Corruption in Britain is not a thing of the past

From a talk by John Bourn, the head of the National Audit Office, given at the Royal Society of Arts in Bristol
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The Independent Online

The office of Comptroller and Auditor-General goes back to 1314, when it was an office in the court of the king. The comptroller's task was to sit on the king's treasure chest. If you wanted to do something exciting, like invading Scotland or beating up the French, you would come to my medieval predecessor and ask for the money to do it.

The office of Comptroller and Auditor-General goes back to 1314, when it was an office in the court of the king. The comptroller's task was to sit on the king's treasure chest. If you wanted to do something exciting, like invading Scotland or beating up the French, you would come to my medieval predecessor and ask for the money to do it.

My predecessors continued in the court until the 17th century when, seeing the king's share price going down, as it were, the Comptroller removed his loyalty from the monarch to Parliament, where it has remained ever since. The marker of history continues, because every day the Treasury has to come to me and ask for the money to keep the government going.

I propose to say something about the developing work of the National Audit Office, discussing two themes: that effective public administration is a function of both honesty and value for money.

I have distinguished four levels of public-service corruption. One of these is what I call endemic corruption. In some countries the word "corruption" has no meaning, because corruption is the way that everything is done. We were like that once. In the 18th century in this country, everything turned around family connection, cronyism, who you knew, and it is something of a puzzle how we changed from that system.

The same goes for corruption in which public officials indulge because their salaries are so low that the only way they and their families can survive is by doing three jobs, charging you for a licence, charging you for a passport. The salaries of public servants in this country are not specially high, but they are not as low as in those countries where the only way officials can live is by charging citizens for every piece of activity.

There is a danger that, because we do not have those levels of corruption in the UK, we think we are not corrupt at all, that we are a fundamentally honest society. While as a general proposition that has a great deal to be said for it, it is not a proposition that admits of no exceptions. Somebody doing my job tends to see quite a lot of them, and we have to recognise that in the UK there are dangerous areas, areas of potential weakness, and areas of fraud, theft, and corruption at the another two levels.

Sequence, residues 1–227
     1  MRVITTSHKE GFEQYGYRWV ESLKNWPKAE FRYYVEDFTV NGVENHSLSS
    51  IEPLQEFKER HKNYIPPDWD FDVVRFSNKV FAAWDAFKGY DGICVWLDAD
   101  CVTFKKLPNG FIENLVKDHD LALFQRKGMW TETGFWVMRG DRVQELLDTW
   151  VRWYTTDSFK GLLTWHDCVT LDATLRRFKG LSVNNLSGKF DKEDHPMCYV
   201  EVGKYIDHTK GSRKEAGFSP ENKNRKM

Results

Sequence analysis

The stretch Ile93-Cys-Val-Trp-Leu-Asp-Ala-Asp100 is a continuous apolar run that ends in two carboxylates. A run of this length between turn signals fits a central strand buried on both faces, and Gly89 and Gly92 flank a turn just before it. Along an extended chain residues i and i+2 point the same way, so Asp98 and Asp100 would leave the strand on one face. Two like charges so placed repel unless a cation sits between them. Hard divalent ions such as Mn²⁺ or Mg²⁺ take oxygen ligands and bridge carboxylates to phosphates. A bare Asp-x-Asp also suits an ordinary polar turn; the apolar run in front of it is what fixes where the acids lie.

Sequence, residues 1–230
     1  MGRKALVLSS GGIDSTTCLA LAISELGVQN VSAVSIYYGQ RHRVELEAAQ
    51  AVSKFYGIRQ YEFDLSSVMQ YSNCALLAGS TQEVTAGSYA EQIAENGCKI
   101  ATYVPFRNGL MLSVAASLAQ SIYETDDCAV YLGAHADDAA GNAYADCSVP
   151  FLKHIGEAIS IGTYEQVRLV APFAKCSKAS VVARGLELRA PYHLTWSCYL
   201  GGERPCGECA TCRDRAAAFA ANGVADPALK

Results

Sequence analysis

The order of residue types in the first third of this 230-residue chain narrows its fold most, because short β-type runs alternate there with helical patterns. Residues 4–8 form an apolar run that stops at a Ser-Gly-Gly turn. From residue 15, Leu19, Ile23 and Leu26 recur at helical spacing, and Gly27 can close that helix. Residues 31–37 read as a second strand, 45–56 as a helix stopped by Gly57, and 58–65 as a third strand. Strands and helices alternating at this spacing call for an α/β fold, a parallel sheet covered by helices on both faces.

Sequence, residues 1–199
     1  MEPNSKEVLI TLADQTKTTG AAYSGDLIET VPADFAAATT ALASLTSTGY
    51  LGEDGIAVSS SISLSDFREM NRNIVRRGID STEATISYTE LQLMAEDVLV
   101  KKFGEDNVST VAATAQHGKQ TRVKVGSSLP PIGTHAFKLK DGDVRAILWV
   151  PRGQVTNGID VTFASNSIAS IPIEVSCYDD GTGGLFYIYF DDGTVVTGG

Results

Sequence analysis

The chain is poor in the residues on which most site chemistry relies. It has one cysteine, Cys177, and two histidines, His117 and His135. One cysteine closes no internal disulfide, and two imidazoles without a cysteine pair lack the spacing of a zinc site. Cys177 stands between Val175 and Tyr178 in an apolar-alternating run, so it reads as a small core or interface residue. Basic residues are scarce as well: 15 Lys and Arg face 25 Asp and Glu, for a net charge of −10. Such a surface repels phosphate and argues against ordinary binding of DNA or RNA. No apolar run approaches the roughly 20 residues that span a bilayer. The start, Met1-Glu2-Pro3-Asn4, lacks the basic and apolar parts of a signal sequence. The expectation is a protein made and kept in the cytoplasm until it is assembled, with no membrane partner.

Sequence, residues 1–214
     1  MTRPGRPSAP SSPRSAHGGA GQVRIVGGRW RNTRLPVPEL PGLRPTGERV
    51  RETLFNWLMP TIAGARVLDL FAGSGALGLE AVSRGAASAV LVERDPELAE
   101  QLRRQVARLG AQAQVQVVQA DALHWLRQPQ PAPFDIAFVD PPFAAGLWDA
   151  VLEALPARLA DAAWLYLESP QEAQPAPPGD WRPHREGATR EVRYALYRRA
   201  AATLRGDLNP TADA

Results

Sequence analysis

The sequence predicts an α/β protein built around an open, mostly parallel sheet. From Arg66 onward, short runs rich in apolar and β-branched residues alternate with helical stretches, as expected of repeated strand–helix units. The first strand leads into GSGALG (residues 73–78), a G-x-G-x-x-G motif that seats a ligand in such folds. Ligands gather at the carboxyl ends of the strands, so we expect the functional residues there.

The first concerns purchases and projects. There are examples of the granting of contracts on a corrupt basis. There is also procedural corruption, where somebody sees a weakness in procedure and exploits it for personal gain.

A few years ago, a Mr Williams stole £5m from the Metropolitan Police. Mr Williams was the finance officer for clandestine operations, the work of the Special Branch. It is important that detailed knowledge of what the Special Branch does should not be bruited around so that everybody should know its plans. The arrangement was that if the Special Branch needed to buy, say, a yacht or a safe house, it asked Mr Williams for the money. If he was satisfied, he would ask for the sum to be paid into a particular bank account. He did not have to say what he wanted the money for. After a time, it dawned on him that he could ask for money for himself, and that is what he started to do.

The point of these examples is that, though we quite rightly pride ourselves in the United Kingdom on not having endemic corruption or the corruption necessary for public servants to make a living, we cannot be so sanguine as to believe that we do not have problems about projects and purchases and procedures.

I am not suggesting that we should increase the quantity of rules and regulations. In fact that is probably a bad thing. What I do suggest is the development of attention to systems in corporate governance and to training that makes people more aware of weaknesses in the way that money and resources are handled.

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